Abuses Loom Large, But Shi’ite Militias’ Absence Felt in Anbar Fighting

Iraqi Military Unable to Hold the City of Ramadi

Iraqi officials have tried to downplay the importance of Shi’ite militias in recent days, as international concerns grow about their tendency to lynch Sunnis in retaken cities, and loot shops.

The massive losses in Ramadi are bringing the Shi’ite militias back into focus, with the lack of such militias seen playing a big role in how quickly the Iraqi military has been overrun by ISIS.

Iraq has been keen to make a push into Anbar after taking Tikrit, but is trying to do it with little support from the Shi’ites.

This has been a problem for Iraq for awhile now, as the reality is they don’t seem to be able to win meaningful battles without the militias doing the heavy lifting, but also don’t seem to be able to keep the militias from carrying out bloody sectarian attacks of their own after they win a battle.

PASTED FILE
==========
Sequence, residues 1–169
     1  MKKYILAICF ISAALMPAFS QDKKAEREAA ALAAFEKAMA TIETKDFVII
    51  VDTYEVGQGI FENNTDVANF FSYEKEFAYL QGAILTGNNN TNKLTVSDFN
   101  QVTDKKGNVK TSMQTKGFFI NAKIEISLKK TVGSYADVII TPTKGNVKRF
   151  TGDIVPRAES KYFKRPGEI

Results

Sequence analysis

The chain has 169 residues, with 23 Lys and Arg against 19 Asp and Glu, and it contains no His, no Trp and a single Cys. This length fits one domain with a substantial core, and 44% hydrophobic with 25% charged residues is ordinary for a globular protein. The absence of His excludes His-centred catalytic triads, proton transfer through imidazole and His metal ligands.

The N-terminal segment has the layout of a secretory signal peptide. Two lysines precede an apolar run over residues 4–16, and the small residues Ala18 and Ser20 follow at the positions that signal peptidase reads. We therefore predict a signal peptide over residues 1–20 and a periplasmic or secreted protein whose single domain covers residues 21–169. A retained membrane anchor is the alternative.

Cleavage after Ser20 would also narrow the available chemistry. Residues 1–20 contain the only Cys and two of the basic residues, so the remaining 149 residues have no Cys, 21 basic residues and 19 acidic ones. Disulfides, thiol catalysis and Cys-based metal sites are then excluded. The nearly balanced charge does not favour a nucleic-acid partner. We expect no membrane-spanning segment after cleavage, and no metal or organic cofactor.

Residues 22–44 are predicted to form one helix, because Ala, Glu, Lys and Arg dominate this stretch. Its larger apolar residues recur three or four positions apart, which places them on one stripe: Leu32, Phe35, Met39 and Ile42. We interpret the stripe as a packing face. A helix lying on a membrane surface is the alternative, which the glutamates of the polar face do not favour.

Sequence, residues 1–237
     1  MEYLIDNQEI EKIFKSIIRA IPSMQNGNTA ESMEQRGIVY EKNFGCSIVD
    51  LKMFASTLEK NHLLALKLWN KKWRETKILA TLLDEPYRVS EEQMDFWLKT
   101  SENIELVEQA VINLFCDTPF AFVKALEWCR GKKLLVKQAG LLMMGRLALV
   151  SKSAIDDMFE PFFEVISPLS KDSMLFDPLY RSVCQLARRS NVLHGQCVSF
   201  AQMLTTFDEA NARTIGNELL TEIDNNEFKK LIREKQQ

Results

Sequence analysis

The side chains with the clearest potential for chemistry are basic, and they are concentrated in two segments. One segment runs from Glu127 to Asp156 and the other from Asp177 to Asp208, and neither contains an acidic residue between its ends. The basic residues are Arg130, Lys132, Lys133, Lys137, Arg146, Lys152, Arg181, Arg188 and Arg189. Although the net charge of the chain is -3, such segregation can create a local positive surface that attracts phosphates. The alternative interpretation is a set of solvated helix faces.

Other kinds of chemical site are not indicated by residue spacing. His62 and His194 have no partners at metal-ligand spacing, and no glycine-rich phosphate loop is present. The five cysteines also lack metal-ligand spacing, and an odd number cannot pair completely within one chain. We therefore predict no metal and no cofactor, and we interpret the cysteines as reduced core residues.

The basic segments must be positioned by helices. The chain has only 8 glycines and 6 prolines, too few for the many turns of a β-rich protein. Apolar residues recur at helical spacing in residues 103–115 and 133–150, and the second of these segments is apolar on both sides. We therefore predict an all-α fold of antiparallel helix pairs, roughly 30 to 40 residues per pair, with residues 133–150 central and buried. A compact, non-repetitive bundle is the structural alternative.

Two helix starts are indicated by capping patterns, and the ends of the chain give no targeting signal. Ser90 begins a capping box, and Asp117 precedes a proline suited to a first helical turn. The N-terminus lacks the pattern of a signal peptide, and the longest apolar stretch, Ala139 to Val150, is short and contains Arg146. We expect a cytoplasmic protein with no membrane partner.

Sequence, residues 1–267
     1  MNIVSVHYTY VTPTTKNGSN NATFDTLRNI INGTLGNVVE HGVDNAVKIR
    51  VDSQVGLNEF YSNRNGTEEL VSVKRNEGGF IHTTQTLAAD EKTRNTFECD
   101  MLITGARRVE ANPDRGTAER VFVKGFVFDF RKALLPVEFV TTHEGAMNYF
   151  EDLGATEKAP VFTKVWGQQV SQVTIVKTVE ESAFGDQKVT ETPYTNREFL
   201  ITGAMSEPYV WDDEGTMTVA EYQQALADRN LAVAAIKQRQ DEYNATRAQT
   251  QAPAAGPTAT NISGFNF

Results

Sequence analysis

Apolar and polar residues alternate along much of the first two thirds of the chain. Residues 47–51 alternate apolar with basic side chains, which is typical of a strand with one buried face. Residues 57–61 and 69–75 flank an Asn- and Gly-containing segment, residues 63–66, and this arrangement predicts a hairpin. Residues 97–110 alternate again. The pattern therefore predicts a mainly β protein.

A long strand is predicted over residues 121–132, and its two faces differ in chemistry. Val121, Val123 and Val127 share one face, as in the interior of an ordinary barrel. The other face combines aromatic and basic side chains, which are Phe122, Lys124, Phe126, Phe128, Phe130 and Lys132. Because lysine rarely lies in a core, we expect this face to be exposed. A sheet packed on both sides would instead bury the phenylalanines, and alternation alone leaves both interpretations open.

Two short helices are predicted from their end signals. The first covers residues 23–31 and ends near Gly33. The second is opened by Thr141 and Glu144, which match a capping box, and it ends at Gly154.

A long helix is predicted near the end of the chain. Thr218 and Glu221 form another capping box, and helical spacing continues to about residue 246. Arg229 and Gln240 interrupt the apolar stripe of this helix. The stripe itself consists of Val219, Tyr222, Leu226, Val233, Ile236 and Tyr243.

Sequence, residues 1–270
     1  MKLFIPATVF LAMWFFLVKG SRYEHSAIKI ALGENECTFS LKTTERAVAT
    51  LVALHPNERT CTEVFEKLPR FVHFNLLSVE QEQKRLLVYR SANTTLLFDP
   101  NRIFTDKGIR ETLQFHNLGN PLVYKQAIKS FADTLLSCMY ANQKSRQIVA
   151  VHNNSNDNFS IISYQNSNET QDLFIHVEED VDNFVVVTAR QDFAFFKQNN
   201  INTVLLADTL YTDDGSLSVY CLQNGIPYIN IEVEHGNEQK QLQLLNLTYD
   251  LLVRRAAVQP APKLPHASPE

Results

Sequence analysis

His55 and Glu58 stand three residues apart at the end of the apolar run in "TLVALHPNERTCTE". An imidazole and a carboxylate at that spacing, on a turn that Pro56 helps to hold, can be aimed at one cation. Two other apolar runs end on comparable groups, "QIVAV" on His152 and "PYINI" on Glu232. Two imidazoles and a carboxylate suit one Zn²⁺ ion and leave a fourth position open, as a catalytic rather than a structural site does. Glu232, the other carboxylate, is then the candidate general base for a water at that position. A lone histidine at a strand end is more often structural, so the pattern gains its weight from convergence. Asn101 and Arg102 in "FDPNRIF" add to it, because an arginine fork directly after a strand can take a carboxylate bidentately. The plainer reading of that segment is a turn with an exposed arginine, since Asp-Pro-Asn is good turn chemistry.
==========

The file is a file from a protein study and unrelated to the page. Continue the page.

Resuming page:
So far, the Iraqi government has tried to take care of this by insisting the reports of abuse are all lies, and promising investigations that never pan out. Even the US has been pushing them to rein in the militias, however, and there seems to be no way Iraq can do that without risking alienating their most important allies on the ground.

Author: Jason Ditz

Jason Ditz is Senior Editor for Antiwar.com. He has 20 years of experience in foreign policy research and his work has appeared in The American Conservative, Responsible Statecraft, Forbes, Toronto Star, Minneapolis Star-Tribune, Providence Journal, Washington Times, and the Detroit Free Press.